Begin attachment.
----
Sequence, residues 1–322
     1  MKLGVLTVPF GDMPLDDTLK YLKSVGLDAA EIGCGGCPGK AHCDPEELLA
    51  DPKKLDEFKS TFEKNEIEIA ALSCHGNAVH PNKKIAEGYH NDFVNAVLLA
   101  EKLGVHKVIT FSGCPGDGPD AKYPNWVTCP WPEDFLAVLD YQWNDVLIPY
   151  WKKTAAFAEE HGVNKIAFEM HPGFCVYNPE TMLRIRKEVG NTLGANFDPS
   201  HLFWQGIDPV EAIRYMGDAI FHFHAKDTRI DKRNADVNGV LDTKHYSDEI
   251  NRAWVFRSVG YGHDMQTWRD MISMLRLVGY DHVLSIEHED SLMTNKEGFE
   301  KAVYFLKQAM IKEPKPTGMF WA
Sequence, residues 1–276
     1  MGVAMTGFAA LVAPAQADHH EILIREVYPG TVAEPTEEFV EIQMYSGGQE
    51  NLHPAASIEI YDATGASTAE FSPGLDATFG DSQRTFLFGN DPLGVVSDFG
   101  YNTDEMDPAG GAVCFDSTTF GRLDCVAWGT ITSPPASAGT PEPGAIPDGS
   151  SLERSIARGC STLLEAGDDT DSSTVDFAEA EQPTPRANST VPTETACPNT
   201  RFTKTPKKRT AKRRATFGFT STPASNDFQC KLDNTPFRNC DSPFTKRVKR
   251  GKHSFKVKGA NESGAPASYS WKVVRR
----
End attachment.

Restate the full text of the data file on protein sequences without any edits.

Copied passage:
Sequence, residues 1–322
     1  MKLGVLTVPF GDMPLDDTLK YLKSVGLDAA EIGCGGCPGK AHCDPEELLA
    51  DPKKLDEFKS TFEKNEIEIA ALSCHGNAVH PNKKIAEGYH NDFVNAVLLA
   101  EKLGVHKVIT FSGCPGDGPD AKYPNWVTCP WPEDFLAVLD YQWNDVLIPY
   151  WKKTAAFAEE HGVNKIAFEM HPGFCVYNPE TMLRIRKEVG NTLGANFDPS
   201  HLFWQGIDPV EAIRYMGDAI FHFHAKDTRI DKRNADVNGV LDTKHYSDEI
   251  NRAWVFRSVG YGHDMQTWRD MISMLRLVGY DHVLSIEHED SLMTNKEGFE
   301  KAVYFLKQAM IKEPKPTGMF WA
Sequence, residues 1–276
     1  MGVAMTGFAA LVAPAQADHH EILIREVYPG TVAEPTEEFV EIQMYSGGQE
    51  NLHPAASIEI YDATGASTAE FSPGLDATFG DSQRTFLFGN DPLGVVSDFG
   101  YNTDEMDPAG GAVCFDSTTF GRLDCVAWGT ITSPPASAGT PEPGAIPDGS
   151  SLERSIARGC STLLEAGDDT DSSTVDFAEA EQPTPRANST VPTETACPNT
   201  RFTKTPKKRT AKRRATFGFT STPASNDFQC KLDNTPFRNC DSPFTKRVKR
   251  GKHSFKVKGA NESGAPASYS WKVVRR